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Why a British Bill That Would Pardon Men Convicted of Overturned Gay Sex Law Was Filibustered

Alan Turing (1912-1954). Artist: Anonymous
Heritage Images—Heritage Images/Getty Images Alan Turing (1912-1954). Private Collection. (Photo by Fine Art Images/Heritage Images/Getty Images)

The government supports posthumous pardons

A Conservative Party lawmaker on Friday filibustered a bill that would pardon gay men still alive but who were convicted in the past of now-abolished laws against homosexuality in the U.K.— a day after announcing that the government will back a previously proposed alternative.

On Thursday, Justice Minister Sam Gyimah said in a statement that the government will pass an amendment to the Policing and Crime Bill that will posthumously pardon around 40,000 gay and bisexual men convicted over same-sex relationships before the law was changed decades ago. The amendment, dubbed “Turing’s Law” after the scientist Alan Turing, who was posthumously pardoned in 2013, is due to be passed sometime in the last week of October.

But Gyimah stated that the government would not support a private members’ bill— an amendment introduced by members of parliament who are not cabinet ministers— that sought to automatically pardon thousands of gay men who were still alive and had past convictions before homosexuality was decriminalized. To cries of “shame” in the House of Commons, Gyimah filibustered the bill on Friday afternoon.

Here’s a bit more on the pardon and the filibuster:

Who is Alan Turing?

Turing was a brilliant mathematician who played the key role in breaking Germany’s top-secret Enigma code in World War II, which gave the Allies a major edge over the Nazis and eventually helped win the war. His work also led to the creation of the modern computer—his “Turing test” is still considered the gold standard for determining the quality of artificial intelligence. Despite Winston Churchill describing Turing’s codebreaking as “the single biggest contribution to the allied victory,” he was outed on charges of homosexuality in 1952 and was sentenced to chemical castration. Two years later he took his life with an apple laced in cyanide. He was given a posthumous royal pardon by the Queen in 2013.

But isn’t homosexuality legal in the U.K.?

Consensual sex between men over the age of 21 was decriminalized in 1967 in England and Wales, in 1980 in Scotland, and in 1982 in Northern Ireland. In 2001 the age of consent for homosexual sex was lowered to the same age as for heterosexual sex, 16. According to the New York Times, the pardon only applies to men as lesbian sex was never specifically outlawed in the country, although lesbians were long prosecuted under various vice statues. Same-sex marriage has been legal in the U.K. since 2014.

Turing’s Law

The amendment to the Policing and Crime Bill that would have provided posthumous pardons was first put forward by Liberal Democrat upper house peer Lord Sharkey in 2012. After decades of campaigning by the LGBT community and Turing’s family, major political parties eventually pledged to introduce the what became known as Turing’s Law in 2015. Justice Minister Gyimah said the government had chosen to support Sharkey’s amendment because “it is hugely important that we pardon people convicted of historical sexual offenses who would be innocent of any crime today.”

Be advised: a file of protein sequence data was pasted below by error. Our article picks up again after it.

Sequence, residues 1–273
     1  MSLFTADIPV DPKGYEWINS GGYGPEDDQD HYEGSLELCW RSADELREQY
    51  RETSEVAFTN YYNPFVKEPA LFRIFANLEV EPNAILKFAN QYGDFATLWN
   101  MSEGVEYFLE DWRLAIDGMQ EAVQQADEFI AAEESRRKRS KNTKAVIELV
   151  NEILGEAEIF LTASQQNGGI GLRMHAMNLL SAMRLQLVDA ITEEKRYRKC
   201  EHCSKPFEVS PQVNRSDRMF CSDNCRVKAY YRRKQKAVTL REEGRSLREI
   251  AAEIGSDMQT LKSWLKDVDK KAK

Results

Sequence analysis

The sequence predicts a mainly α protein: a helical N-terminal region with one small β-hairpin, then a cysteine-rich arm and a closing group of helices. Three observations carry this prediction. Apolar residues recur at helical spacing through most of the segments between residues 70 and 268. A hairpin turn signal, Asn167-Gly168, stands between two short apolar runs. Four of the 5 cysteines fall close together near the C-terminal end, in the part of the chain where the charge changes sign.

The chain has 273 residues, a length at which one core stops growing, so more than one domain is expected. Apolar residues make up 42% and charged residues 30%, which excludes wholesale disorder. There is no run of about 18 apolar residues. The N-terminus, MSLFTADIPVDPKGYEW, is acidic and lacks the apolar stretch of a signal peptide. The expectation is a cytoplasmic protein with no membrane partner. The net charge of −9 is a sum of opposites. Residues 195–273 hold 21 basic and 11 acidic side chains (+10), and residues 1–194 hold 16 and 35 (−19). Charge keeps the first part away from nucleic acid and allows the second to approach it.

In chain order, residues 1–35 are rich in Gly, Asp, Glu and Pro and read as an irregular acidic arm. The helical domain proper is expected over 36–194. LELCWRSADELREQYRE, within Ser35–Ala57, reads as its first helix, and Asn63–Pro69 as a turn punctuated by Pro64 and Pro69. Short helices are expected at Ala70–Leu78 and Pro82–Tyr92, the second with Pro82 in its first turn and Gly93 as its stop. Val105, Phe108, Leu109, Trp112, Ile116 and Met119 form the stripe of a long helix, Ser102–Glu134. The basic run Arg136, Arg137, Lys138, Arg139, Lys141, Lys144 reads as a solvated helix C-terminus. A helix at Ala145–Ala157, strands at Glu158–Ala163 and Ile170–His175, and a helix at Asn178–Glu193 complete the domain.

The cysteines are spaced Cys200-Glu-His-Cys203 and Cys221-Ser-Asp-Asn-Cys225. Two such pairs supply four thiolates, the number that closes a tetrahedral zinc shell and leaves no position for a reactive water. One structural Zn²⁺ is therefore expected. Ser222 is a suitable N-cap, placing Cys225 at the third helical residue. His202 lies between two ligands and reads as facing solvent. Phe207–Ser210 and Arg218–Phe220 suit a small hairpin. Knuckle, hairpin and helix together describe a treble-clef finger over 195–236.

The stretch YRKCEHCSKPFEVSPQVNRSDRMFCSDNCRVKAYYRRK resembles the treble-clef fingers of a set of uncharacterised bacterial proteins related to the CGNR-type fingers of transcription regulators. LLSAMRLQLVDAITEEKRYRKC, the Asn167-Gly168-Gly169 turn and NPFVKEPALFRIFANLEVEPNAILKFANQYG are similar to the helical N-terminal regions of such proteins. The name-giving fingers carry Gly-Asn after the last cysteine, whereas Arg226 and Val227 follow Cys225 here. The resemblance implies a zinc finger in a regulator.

The government also announced on Thursday that men convicted in the past of sexual offenses that are no longer illegal can apply to have their crimes expunged by the interior ministry in a “disregard process.” According to the Times, only 335 applications have been received since 2012, and 84 have been granted.

The Private Members’ Bill

John Nicholson, an MP with the Scottish Nationalist Party, put forward a bill that that would give a pardon to living men convicted in the past of having gay sex. But the Conservative government said on Friday that they would block the bill because it could lead to people claiming they had been cleared of sexual offenses that are still regarded as crimes, such as having sex with a minor or non-consensual sexual activity. “I understand and support the intentions behind Mr Nicolson’s Bill,” Minister Gyimah said in a statement. “However I worry that he has not fully thought through the consequences. A blanket pardon, without the detailed investigations carried out by the Home Office under the disregard process, could see people guilty of an offense which is still a crime today claiming to be pardoned”

“That is simply not true” Sara Ogilvie, a policy officer for the human rights advocacy group Liberty, tells TIME. “The bill debated today had a clear statement that if the thing you were committed for was still an offense you would not be pardoned for it.”

Others turned to Twitter to express their outrage over the bill being thrown out:

Is a pardon enough?

Others have said that a pardon for those convicted of homosexual behavior is not enough. Instead, they believe the government needs to issue an apology. Gay activist George Montague, 93, who was convicted in the 1970s for gross indecency, told BBC’s Newsnight: “I was only guilty of being in the wrong place at the wrong time. My name was on the ‘queer list,’ which the police had in those days. And I will not accept a pardon.” While describing Turing as a hero, he expressed his dislike of the posthumous pardon. “What was he guilty of?” Montague said. “He was guilty of the same as what they call me guilty of; being born only able to fall in love with another man.”

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